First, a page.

Most Christian music, however, has been composed for use in worship.  The earliest surviving music is the chant of the ancient churches, Gregorian, Byzantine, Syrian, Egyptian, Ethiopian, Armenian.  Related to these are Anglican plainsong and the chant of the Slavic churches.  This music is filled with an austere beauty and able to create space for worship of a type that modern worship music does not.  The Renaissance produced music so beautiful one imagines that the angels in heaven must use it as they gather around the Throne of the Almighty, especially Palestrina but also Tallis, Allegri, and others.  All of this ancient, beautiful music for worship stands within the same musical tradition and is very valuable.

Composers of classical music have also written music for times of worship.  Tchaikovsky wrote settings for the Divine Liturgy of St. John Chrysostom.  Monteverdi wrote Vespers.  Verdi and Mozart both wrote Requiems.  Vivaldi wrote a Mass.  Their music has also been applied to hymns by different lyricists, such as Beethoven’s “Ode to Joy” providing the tune to “Joyful, Joyful.”

Also important is the tradition of hymnody.  I speak now of music with English lyrics.  These old hymns are worthy to be sung in congregations all of the world.  The best of them have resonant theology with captivating music.  My favourite hymnographers are Charles Wesley and John Mason Neale.  Some of my favourite hymns by other writers are “Let All Mortal Flesh Keep Silence,” “Alleluia! Sing to Jesus,” “I Cannot Tell Why He Whom Angels Worship,” “As I Survey the Wondrous Cross,” and “Holy, Holy, Holy.”

In modern worship, these hymns sometimes fall through the cracks as we seek to be cool and contemporary and relevant, singing only the newest and hippest songs.  Yet these songs, these tunes with these words, connect us to the tradition of Christians who have gone before us, passing along their thoughts and theology, their beauty and sense of holiness.  I encourage leaders of worship to keep the hymns in the repertoire amongst the newer songs.

Exciting to my mind are some new hymns that have been produced (we’re talking hymn as a musical genre).  The only things that come immediately to mind are “In Christ Alone,” and “How Deep the Father’s Love for Us.”  Other musicians who have kept links to the old music, old poems, and old theology have produced new music for liturgical settings, as John Michael Talbot who has essentially produced the entire Mass and Steve Bell who has a version of the Sanctus, “Holy Lord.”  Steve Bell has also recorded musically new yet truly old songs on his album Devotion, though these are not all his own compositions.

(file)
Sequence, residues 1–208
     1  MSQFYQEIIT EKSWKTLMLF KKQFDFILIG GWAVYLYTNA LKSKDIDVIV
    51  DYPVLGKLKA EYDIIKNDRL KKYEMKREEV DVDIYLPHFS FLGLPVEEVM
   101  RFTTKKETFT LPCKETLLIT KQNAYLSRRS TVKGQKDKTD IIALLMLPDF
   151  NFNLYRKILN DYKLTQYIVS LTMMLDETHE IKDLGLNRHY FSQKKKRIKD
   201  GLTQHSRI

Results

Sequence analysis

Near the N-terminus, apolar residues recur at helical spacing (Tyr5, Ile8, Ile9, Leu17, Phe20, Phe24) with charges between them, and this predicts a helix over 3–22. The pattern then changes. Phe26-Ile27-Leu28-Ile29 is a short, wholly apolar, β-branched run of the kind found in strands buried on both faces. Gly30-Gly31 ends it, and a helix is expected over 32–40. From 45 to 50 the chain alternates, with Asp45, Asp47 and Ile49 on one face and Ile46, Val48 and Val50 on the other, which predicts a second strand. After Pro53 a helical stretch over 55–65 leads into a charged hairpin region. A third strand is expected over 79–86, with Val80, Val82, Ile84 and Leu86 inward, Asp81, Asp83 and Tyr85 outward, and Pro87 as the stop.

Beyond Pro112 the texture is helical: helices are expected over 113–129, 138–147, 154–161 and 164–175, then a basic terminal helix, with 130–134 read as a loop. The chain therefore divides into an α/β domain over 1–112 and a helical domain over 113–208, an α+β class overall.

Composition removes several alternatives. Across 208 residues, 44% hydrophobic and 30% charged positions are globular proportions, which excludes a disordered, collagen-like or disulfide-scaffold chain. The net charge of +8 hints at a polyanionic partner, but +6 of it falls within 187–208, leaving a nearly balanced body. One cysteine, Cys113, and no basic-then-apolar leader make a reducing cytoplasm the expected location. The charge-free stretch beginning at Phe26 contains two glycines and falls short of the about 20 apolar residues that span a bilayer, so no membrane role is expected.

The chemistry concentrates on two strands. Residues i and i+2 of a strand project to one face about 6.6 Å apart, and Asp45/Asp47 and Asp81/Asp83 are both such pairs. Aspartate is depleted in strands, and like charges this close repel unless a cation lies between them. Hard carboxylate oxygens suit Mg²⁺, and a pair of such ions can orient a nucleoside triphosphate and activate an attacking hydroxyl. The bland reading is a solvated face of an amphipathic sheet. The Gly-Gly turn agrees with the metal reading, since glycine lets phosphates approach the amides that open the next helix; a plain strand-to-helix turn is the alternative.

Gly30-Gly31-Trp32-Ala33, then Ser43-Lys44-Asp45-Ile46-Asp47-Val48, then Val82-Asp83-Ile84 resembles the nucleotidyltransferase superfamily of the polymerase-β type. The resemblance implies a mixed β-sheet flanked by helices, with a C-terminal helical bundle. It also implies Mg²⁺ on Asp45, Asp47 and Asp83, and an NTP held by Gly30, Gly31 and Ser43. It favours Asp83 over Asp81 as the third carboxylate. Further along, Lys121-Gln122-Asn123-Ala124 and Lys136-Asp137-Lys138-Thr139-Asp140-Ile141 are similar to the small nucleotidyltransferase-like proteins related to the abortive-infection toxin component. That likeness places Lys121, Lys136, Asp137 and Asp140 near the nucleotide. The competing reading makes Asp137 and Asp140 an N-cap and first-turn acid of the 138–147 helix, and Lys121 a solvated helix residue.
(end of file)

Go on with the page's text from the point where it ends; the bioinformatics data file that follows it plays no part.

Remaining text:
A study of the old music is important for those who wish to engage in the creation of new music.  Some churches act as though only the old is worth singing; this is not true, for the old was once the new.  Some churches act as though only the new is worth singing; this is also not true, for the new is untested and untried.  A combination of the two is worth singing, in my opinion.  However, a knowledge of this old music, of Haydn, Palestrina, Tchaikovsky, Wesley,  and Neale, of what has gone before, will undoubtedly deepen the new music, as a knowledge of old poetry can deepen new poetry, that of old theology new theology, that of old paintings new paintings and so forth.

Since we’re talking about music, I do listen to some new Christian music besides John Michael Talbot and Steve Bell.  I am a fan of Rich Mullins and dc Talk (both “old” new music by now), some Newsboys, Jars of Clay, and Third Day as well as a certain amount of new worship songs by the likes of Matt Redman and people whose names escape me (except — because I worship at Little T — Mike Janzen and — because I’m kind of oldskool — Graham Kendrick).

Music is an important part of the life of church, ancient and modern, old and new.  We should tap the resources of this vast tradition that spreads out behind as well as all around us.